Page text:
Re: Pricing Translation Costs

Subject: Re: Pricing Translation Costs
From: Richard Frederick <fred_ri -at- ENG -dot- PRINTRONIX -dot- COM>
Date: Thu, 19 Mar 1998 08:05:21 -0800

Christine,

I am the Translation Coordinator for the company I work for and have a small
consulting business of my own. A good ball park figure for translation cost is about
$0.20 per word and somewhere around $8.00 a page for DTP. This is of course dependent
on the complexity of the subject matter and the DTP tool you use. I would also toss in
a project management cost of 5% to 10% of the word/pages total. You can pay less (and
get less) and you can pay a LOT more (and get less).

As far as going to an independent, I would not. Translation is not the straight
forward process that one would initially think. I have been doing this for several
years and have made enough mistakes to have figured out the right way to do things,
most of the time :-> I don't mean to imply that individual translators are not
efficient at their jobs. Translation services have a process of checks and
verifications that are important. The European Community (EC) is becoming very strict
about translation requirements and ISO 9000 compliance is crucial.

The right way to get translations done is to employ a service that uses NATIVE
speaking translators that RESIDE in the target country. This is important for two
reasons:

1. All languages change over time. The America English language is one of the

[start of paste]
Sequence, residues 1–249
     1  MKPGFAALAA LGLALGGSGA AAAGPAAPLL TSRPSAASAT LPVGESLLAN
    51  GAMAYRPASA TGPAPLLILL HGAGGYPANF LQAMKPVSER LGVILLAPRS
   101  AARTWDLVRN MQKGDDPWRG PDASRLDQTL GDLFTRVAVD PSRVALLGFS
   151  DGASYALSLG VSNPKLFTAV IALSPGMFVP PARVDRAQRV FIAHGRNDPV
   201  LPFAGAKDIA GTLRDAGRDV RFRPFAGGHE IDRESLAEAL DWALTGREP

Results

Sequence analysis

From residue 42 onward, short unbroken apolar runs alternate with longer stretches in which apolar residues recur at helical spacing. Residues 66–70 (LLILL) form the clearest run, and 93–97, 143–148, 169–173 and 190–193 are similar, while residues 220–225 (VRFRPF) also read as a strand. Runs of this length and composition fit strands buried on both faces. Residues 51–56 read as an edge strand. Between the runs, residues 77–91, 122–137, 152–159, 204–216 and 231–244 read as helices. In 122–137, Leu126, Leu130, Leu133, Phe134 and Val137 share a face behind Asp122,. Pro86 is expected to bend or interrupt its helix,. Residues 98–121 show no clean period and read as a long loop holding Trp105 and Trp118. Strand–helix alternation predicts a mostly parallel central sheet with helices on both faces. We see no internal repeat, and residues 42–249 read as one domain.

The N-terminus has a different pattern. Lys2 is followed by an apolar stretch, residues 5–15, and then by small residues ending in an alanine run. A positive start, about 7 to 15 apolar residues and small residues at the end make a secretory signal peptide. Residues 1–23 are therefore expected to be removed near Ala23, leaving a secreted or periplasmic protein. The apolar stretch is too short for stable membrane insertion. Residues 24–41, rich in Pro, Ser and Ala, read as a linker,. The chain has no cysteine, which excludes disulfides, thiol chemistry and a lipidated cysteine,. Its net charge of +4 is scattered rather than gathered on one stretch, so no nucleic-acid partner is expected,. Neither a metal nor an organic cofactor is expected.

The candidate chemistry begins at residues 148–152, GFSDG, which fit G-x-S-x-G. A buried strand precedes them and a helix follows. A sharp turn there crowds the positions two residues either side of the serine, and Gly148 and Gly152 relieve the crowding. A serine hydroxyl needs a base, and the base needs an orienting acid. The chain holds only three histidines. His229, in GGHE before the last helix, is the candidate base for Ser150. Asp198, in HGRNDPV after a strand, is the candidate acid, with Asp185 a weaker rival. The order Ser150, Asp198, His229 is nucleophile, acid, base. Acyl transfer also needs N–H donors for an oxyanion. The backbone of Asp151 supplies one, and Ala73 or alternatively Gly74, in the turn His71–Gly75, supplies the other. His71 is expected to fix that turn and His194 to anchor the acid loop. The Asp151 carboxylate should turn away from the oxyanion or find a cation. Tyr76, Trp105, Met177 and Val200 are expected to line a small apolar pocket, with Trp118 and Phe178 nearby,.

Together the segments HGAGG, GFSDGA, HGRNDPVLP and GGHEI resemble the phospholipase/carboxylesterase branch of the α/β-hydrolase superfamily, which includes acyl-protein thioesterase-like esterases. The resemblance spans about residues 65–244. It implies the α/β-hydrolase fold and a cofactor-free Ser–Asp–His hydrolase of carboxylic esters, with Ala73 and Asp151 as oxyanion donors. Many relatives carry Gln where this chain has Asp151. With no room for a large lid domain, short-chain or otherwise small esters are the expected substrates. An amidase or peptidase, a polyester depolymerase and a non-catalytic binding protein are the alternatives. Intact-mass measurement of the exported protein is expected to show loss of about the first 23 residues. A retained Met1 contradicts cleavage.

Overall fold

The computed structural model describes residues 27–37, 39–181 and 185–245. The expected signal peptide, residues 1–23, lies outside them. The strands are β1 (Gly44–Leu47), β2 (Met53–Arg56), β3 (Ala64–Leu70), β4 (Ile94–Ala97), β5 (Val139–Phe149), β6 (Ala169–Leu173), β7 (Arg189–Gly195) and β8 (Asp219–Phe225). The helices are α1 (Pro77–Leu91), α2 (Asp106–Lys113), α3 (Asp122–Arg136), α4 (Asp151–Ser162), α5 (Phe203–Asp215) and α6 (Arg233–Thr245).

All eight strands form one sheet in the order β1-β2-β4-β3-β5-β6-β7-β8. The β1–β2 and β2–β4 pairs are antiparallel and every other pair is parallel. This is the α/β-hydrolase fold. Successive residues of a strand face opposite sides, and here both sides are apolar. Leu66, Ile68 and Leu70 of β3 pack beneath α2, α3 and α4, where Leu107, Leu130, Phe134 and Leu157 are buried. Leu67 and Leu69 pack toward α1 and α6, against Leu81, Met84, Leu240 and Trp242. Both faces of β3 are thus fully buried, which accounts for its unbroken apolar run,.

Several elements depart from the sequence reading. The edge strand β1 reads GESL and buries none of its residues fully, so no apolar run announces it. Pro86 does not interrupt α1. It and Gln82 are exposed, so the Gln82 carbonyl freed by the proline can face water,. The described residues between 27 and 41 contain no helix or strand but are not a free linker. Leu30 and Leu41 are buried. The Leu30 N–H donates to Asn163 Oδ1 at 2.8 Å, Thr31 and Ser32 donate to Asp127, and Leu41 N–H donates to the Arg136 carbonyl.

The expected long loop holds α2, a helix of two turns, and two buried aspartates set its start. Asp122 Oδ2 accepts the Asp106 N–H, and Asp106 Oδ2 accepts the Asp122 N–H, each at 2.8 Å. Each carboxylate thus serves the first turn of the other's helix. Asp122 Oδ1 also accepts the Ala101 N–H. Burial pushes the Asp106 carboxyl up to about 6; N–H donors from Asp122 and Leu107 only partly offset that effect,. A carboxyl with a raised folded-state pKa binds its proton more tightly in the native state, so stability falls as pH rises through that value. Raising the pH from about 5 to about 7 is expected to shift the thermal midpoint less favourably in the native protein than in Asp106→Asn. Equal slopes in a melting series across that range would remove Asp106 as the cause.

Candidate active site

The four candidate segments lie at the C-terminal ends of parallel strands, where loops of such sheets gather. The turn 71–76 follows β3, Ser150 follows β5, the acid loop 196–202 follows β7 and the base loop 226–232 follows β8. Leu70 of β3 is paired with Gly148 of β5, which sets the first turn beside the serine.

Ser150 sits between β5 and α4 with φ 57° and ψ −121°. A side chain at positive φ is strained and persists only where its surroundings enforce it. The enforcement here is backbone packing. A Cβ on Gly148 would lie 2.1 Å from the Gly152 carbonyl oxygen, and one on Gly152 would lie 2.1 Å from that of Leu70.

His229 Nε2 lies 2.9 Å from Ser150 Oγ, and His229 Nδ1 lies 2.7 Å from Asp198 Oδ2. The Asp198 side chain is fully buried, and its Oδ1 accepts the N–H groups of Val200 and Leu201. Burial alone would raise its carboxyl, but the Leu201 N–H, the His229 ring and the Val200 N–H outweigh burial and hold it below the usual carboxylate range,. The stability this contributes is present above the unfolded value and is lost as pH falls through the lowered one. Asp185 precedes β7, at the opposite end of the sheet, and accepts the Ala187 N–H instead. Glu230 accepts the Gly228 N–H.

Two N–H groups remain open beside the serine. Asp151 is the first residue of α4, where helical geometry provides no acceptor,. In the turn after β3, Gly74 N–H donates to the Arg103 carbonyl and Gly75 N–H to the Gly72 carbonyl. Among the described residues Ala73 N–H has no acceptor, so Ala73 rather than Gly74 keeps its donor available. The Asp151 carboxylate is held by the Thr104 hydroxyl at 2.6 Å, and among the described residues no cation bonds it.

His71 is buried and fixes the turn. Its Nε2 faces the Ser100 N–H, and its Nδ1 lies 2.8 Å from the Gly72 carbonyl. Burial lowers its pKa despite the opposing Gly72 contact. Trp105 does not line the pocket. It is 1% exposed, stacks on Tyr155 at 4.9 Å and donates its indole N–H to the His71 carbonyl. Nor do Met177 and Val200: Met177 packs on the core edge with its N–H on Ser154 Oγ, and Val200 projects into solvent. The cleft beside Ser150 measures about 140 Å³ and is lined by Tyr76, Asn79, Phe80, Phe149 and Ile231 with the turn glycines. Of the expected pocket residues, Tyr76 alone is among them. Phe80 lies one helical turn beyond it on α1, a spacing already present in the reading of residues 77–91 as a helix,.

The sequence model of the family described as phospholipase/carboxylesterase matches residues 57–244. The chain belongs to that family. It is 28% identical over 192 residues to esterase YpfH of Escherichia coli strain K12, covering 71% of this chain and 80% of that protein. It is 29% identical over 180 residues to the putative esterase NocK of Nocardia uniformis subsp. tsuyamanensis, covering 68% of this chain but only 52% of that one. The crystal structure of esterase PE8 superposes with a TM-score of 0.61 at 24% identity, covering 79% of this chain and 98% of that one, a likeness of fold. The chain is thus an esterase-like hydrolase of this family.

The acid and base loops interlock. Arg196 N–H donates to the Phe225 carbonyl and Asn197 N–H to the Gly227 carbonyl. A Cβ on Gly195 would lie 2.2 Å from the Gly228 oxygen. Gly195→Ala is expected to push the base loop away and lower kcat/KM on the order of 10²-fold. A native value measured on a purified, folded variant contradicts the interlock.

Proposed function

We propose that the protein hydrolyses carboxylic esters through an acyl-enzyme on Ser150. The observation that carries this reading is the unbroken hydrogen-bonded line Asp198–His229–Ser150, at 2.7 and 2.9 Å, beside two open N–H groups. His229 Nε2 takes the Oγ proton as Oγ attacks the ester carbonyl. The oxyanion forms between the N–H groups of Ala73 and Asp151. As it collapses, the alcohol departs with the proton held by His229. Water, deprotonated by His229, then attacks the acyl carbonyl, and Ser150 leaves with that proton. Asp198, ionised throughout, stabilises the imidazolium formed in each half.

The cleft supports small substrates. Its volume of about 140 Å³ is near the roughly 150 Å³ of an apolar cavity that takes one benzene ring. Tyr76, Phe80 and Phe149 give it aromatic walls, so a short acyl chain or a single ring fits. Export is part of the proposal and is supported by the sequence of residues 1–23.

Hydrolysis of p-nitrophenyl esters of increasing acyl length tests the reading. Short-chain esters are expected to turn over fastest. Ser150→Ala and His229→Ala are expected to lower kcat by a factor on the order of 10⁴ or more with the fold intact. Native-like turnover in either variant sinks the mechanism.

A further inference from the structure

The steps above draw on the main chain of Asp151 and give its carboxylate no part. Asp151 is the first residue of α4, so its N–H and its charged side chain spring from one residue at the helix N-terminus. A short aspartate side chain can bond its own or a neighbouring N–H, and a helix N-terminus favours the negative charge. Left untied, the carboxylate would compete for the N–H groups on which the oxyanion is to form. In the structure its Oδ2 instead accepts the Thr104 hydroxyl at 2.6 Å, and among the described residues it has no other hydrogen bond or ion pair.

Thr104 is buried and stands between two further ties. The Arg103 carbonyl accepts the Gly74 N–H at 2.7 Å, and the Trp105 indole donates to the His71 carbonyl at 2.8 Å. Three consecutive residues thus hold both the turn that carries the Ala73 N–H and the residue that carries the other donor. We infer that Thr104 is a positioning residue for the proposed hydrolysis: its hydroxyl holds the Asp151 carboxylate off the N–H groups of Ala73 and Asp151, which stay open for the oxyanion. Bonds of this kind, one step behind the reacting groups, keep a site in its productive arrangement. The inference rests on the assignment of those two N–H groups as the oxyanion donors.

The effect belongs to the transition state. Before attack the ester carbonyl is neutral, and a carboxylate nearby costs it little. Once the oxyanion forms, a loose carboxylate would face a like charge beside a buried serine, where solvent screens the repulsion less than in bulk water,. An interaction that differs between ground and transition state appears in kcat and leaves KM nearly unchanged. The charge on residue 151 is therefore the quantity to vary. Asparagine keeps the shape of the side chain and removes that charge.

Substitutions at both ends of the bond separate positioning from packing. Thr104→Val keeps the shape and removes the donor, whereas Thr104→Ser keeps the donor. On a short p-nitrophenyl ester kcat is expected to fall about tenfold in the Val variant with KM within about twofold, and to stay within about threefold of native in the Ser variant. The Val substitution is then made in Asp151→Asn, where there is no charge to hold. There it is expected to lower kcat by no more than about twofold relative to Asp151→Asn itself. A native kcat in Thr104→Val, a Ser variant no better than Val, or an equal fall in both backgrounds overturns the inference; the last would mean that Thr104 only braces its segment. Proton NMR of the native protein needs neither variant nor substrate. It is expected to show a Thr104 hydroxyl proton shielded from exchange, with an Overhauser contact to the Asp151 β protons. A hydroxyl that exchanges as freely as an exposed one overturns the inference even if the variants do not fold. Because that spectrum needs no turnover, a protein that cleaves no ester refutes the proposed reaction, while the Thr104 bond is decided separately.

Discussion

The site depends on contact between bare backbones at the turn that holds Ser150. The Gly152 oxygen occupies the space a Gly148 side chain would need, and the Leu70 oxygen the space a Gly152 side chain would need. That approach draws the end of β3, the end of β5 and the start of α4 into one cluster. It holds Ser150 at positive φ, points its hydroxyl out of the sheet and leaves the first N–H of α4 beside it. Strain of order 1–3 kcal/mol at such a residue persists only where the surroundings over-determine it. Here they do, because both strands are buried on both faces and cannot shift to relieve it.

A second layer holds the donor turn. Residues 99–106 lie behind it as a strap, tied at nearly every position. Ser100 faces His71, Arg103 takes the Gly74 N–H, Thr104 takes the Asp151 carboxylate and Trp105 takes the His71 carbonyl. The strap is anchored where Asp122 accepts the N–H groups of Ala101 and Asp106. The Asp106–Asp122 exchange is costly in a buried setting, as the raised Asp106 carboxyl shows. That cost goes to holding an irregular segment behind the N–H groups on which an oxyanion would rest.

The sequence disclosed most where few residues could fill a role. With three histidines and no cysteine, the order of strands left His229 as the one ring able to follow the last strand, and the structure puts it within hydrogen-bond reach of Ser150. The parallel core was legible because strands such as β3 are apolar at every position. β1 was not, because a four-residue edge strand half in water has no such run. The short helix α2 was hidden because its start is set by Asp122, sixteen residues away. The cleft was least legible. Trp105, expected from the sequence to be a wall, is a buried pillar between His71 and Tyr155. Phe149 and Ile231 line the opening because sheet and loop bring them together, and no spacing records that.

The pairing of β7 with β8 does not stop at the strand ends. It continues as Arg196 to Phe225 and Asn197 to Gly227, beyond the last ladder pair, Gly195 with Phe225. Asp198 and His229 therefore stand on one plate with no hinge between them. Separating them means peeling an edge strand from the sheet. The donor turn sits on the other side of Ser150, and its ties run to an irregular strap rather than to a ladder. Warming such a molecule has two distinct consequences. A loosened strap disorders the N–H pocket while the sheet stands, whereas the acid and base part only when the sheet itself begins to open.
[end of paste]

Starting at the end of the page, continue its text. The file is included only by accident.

newest languages in the world and is changing at an enormous rate. If the translator
is not resident in the target country, they can not be up-to-date with the current
vocabulary. This is critical with the language of technology. If a linguist has lived
in the US for five years, the target language of five years ago, like the technology
of five years ago, is antiquated.

2. Resident US translators cost more. Our cost of living is, in general, far more
than most countries. I recall getting a quote for Russian several years ago. The cost
was approximately 50% of other European languages because the Russian economy was so
bad that people would literally "Work for Food." The cost has gone up, but European
romance languages are still a bargain if done in the target country. Asian languages
are more complex, for a number of reasons, but are still a bargain if done in the
target country.

If you are interested, let me know (off line) and I will put you in contact with one
of the best organizations I have worked with. They are patient and understanding of
new translation managers. They are very reasonable. And they are very very good.

Hope this is a help.

Richard Frederick
Senior Technical Writer

fred1 -at- keyway -dot- net




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